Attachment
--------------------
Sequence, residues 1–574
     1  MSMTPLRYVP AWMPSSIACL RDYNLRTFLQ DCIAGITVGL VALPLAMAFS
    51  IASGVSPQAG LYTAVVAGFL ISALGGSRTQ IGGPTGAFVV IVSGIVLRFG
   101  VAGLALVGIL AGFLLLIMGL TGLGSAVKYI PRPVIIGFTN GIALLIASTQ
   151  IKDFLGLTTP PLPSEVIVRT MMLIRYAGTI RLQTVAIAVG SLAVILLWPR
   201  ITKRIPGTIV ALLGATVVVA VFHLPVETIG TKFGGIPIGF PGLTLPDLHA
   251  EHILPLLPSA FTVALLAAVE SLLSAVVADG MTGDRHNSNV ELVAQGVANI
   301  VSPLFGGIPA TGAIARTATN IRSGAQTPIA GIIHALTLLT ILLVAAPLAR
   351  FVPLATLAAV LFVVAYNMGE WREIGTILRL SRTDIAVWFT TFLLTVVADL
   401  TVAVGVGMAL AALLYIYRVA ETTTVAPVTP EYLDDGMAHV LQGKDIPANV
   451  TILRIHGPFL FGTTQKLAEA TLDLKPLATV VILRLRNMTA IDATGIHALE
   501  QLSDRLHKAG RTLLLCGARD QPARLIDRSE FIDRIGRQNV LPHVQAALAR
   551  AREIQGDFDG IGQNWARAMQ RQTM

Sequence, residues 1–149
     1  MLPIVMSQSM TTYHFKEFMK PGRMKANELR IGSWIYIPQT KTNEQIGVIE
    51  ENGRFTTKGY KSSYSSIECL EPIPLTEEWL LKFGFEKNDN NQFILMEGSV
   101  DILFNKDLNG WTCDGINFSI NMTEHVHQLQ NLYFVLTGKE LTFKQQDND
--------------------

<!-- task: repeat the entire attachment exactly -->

Sequence, residues 1–574
     1  MSMTPLRYVP AWMPSSIACL RDYNLRTFLQ DCIAGITVGL VALPLAMAFS
    51  IASGVSPQAG LYTAVVAGFL ISALGGSRTQ IGGPTGAFVV IVSGIVLRFG
   101  VAGLALVGIL AGFLLLIMGL TGLGSAVKYI PRPVIIGFTN GIALLIASTQ
   151  IKDFLGLTTP PLPSEVIVRT MMLIRYAGTI RLQTVAIAVG SLAVILLWPR
   201  ITKRIPGTIV ALLGATVVVA VFHLPVETIG TKFGGIPIGF PGLTLPDLHA
   251  EHILPLLPSA FTVALLAAVE SLLSAVVADG MTGDRHNSNV ELVAQGVANI
   301  VSPLFGGIPA TGAIARTATN IRSGAQTPIA GIIHALTLLT ILLVAAPLAR
   351  FVPLATLAAV LFVVAYNMGE WREIGTILRL SRTDIAVWFT TFLLTVVADL
   401  TVAVGVGMAL AALLYIYRVA ETTTVAPVTP EYLDDGMAHV LQGKDIPANV
   451  TILRIHGPFL FGTTQKLAEA TLDLKPLATV VILRLRNMTA IDATGIHALE
   501  QLSDRLHKAG RTLLLCGARD QPARLIDRSE FIDRIGRQNV LPHVQAALAR
   551  AREIQGDFDG IGQNWARAMQ RQTM

Sequence, residues 1–149
     1  MLPIVMSQSM TTYHFKEFMK PGRMKANELR IGSWIYIPQT KTNEQIGVIE
    51  ENGRFTTKGY KSSYSSIECL EPIPLTEEWL LKFGFEKNDN NQFILMEGSV
   101  DILFNKDLNG WTCDGINFSI NMTEHVHQLQ NLYFVLTGKE LTFKQQDND